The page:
Some researchers theorize that there is a link between hair whorl direction and side preference. They found that left-pawed dogs have a counterclockwise chest hair whorl; right-pawed dogs' chest whorls go clockwise. But some dogs don't fit the mold and are opposite.
According to a guide dog school in Australia, the exceptions, right-pawed dogs with counterclockwise whorls are twice as likely to successfully complete the guide dog program from which only 40 percent of the students graduate. Homeless dogs and shelter dogs had significantly more counterclockwise whorls than non-shelter dogs, suggesting that there may be a relationship between hair whorls and temperament. The whorls can be either a plain, less common, whorl or tufted. The placement and directions of the whorl is linked not only to the dog's temperament, but to whether they are right or left-pawed.
As mentioned, statistically right-pawed dogs that have counterclockwise whorls on their chest are twice as likely to make the grade as guide dogs. Like humans, dogs and many other animals are right or left-pawed, and some are even ambidextrous. Generally, male dogs have a left paw preference.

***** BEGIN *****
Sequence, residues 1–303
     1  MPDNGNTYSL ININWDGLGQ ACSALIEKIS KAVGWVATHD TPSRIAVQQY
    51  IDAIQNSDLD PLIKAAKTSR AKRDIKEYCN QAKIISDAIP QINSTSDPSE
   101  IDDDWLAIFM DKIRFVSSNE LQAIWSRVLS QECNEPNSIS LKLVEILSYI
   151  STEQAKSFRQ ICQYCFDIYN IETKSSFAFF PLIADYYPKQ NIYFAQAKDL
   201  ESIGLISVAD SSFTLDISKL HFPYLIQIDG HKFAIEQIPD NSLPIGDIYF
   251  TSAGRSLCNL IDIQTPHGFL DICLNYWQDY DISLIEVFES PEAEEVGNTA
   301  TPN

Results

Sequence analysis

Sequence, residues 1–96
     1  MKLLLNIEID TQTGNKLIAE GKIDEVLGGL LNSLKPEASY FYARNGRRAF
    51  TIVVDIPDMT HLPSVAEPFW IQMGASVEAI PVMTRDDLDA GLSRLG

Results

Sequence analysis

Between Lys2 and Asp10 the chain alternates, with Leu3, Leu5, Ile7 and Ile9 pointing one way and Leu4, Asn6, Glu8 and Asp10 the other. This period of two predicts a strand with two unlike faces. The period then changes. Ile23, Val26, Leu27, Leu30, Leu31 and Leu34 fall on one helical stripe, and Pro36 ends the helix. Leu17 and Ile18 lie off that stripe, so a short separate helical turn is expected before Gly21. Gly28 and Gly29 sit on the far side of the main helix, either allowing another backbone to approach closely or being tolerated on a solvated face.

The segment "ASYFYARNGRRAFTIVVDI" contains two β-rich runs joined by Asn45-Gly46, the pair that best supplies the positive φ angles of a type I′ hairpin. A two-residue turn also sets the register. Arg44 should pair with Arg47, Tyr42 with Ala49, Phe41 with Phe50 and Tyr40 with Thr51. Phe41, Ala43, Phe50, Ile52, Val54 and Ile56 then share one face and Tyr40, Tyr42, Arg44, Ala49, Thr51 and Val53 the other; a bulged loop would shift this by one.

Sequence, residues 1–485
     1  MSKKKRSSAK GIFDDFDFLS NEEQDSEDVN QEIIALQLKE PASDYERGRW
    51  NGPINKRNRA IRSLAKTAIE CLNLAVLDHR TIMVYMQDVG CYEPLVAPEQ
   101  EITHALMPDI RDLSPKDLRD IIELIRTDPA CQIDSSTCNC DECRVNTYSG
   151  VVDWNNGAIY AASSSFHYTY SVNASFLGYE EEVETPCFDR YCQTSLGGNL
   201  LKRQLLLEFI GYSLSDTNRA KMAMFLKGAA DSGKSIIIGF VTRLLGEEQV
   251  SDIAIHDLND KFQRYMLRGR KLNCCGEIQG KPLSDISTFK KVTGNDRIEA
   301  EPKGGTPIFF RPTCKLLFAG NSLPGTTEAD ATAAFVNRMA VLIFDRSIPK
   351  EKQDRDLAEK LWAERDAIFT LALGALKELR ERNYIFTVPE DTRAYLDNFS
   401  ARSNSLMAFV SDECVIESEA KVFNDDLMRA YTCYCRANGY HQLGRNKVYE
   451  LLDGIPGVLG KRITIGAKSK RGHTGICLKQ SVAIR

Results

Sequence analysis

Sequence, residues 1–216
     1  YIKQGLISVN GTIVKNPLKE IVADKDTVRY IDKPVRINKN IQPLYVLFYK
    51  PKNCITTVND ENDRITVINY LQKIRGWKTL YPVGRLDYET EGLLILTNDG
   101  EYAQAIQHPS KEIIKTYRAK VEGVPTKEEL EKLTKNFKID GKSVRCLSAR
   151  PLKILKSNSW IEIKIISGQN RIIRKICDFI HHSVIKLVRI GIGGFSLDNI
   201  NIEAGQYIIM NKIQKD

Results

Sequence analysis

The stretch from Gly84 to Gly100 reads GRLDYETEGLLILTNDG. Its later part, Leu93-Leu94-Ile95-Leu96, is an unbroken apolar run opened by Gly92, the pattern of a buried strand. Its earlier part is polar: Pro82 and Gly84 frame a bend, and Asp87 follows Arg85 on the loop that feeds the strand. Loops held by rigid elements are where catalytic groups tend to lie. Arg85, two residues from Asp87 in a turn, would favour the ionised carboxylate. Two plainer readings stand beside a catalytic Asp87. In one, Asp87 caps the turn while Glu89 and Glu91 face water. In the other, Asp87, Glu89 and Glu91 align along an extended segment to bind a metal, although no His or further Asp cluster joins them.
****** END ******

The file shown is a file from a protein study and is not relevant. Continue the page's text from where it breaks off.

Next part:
There are a number of ways to determine paw preference.
1) Place a treat under a piece of furniture and just within reach of the dog to see which paw it uses to dig it out.
2) Watch which paw the dog uses to hold a bone with while chewing on it.
3) Place a piece of adhesive tape on the dog’s nose and she which paw it uses to remove it.
4) Watch which paw the dog uses first in stepping forward.
Research studies have connected paw preference with certain behaviors and temperaments. A 2006 University of New England study found the way dogs use their paws may be a sign of how they react to noise. Ambidextrous dogs are likely to be more reactive to noise such as thunderstorms and fireworks.
While this research may seem rather pointless, it helps save time and money when it comes to selecting dogs that have to work for their living. It can also help when selecting a family pet to know if the dog is likely to be smart and loving or if it's likely to be ill-tempered.
Article from Ozpets on dog paw preference.
How about paw preference in cats?